USDA invests in Center Theatre, Patriarchs Club

United States Department of Agriculture Under Secretary for Rural Development Xochitl Torres Small announced that USDA is investing $222 million to build and improve critical community facilities in 44 states, Guam and Puerto Rico. This community infrastructure funding will benefit nearly 2.5 million people in rural communities. It also includes $132 million to support health care, food security, and emergency response services for more than 850,000 rural residents in 37 states. In Maine, five community facilities will receive a total of $176,800 in grant funding.

One recipient is the Center Theatre of Dover-Foxcroft, which is receiving two grants totaling $28,000 ($15,600 and $12,400). This Rural Development investment will be used to renovate the Center Theatre, the only professional performing arts venue in Piscataquis County and is a major resource for the schools and community. 

Funds will be used to fix the columns and footings supporting the theater over the banks of the Piscataquis River. The theater is a historic building and over time there has been damage caused by flooding, ice and erosion. Damage has also been caused by improper roof drainage which will be corrected as part of this project.

Many of the theatre’s programs focus on children and education including drama camps, after school programs, educational programs and children’s theatrical productions in cooperation with Foxcroft Academy. The theater also produces a number of live theatrical productions during the year as well as host concerts, meetings, and community events. Another component of the theatre’s programming is first and second-run movies along with documentaries and art films.

The Patriarchs Club is receiving a grant in the amount of $50,000. This Rural Development investment will be used to expand the Harmony Cares Food Pantry located in the town of Harmony. This project involves the construction of a 28- by 30-foot addition that will provide the space needed for food distribution, storage, and a restroom. The food pantry also serves the neighboring towns of Cambridge and Wellington. Since the opening of the pantry in 2017, the number of food insecure families served by this facility has tripled. Additional food distribution/storage space and refrigeration/freezer capacity is desperately needed to meet the growing demand. The project also will provide facility upgrades, an emergency generator, and commercial refrigeration/freezer units.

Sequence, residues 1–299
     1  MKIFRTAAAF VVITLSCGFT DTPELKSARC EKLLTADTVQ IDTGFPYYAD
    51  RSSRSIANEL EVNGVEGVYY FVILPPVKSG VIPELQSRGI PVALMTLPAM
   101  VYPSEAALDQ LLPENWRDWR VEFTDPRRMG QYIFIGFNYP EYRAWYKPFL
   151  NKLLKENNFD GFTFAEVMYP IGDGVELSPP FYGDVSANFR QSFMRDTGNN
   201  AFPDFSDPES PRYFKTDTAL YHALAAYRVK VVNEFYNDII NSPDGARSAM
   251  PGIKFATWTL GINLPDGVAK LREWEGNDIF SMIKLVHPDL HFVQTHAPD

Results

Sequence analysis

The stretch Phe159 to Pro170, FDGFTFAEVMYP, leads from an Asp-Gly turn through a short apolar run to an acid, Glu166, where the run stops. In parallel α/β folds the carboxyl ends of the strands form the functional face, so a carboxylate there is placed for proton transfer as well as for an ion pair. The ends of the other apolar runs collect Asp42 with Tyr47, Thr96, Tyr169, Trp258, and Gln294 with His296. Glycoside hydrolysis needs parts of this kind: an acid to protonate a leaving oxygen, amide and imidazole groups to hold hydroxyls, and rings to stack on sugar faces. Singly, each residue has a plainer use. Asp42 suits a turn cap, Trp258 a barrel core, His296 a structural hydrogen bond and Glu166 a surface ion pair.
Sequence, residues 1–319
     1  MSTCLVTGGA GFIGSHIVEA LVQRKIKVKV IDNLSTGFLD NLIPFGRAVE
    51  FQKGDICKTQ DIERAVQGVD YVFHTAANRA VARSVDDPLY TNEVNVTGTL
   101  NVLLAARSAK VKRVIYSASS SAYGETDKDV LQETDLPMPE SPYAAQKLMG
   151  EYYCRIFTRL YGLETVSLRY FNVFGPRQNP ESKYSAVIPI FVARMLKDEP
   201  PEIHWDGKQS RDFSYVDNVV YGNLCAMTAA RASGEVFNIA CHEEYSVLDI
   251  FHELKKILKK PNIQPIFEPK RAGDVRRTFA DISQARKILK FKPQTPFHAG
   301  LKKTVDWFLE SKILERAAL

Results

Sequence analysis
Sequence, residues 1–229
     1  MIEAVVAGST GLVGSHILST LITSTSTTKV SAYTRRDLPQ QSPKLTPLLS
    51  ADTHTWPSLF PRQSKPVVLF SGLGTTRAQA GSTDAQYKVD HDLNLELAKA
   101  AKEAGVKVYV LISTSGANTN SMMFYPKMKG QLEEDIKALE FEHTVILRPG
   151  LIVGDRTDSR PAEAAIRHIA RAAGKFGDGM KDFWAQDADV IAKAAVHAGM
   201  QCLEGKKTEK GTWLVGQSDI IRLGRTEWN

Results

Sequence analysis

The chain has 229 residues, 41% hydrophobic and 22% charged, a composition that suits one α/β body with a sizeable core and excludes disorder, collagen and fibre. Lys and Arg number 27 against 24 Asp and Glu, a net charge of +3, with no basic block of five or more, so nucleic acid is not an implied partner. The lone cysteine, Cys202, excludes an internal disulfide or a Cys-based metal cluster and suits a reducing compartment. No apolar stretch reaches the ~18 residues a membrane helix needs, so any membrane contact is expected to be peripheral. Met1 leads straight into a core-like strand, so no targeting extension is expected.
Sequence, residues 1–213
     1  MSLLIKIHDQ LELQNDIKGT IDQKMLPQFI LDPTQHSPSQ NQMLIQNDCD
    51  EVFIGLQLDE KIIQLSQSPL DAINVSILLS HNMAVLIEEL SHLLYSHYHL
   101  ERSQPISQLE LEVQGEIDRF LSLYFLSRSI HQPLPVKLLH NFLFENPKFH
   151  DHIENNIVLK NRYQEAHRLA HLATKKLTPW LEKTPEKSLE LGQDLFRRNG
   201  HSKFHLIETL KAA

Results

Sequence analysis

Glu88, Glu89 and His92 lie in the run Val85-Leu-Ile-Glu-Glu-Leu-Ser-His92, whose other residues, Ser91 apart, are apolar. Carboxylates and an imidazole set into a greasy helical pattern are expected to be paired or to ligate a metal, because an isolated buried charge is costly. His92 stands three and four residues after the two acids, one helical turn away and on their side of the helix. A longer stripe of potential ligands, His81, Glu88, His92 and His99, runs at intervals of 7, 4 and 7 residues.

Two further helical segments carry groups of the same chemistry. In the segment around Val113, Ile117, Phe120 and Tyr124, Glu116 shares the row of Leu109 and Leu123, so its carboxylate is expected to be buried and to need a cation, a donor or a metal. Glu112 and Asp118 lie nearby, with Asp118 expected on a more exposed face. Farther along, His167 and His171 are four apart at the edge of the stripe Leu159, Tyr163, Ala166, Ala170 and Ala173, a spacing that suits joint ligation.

“The Biden-Harris Administration is delivering on its promise to fight the COVID-19 pandemic and rebuild our economy,” Torres Small said. “Rural Americans need emergency response, hospitals and medical facilities, and USDA’s loans and grants invest in critical infrastructure to make that possible. USDA Rural Development puts rural people at the forefront of investment and opportunity to help us all build back better, stronger, and more resilient.”

USDA Rural Development Acting Maine State Director Tommy R. Higgins said, “This Rural Development funding supports multiple projects in Maine that benefit critical community facilities. From repairing a rural library to expanding a food pantry to upgrading other essential and important facilities, this key funding is improving the quality of life for residents in rural communities.”

USDA is investing in 537 projects through the Community Facilities Direct Loan and Grant Program. The assistance will fund essential community services that will help keep rural America resilient in the face of the COVID-19 pandemic. The projects will finance emergency response vehicles and equipment; build or improve hospitals and clinics; and combat food insecurity.

More than 100 types of projects are eligible for Community Facilities funding. Eligible applicants include municipalities, public bodies, nonprofit organizations, and federally recognized Native American tribes. Projects must be in rural areas with a population of 20,000 or less. For more information, visit

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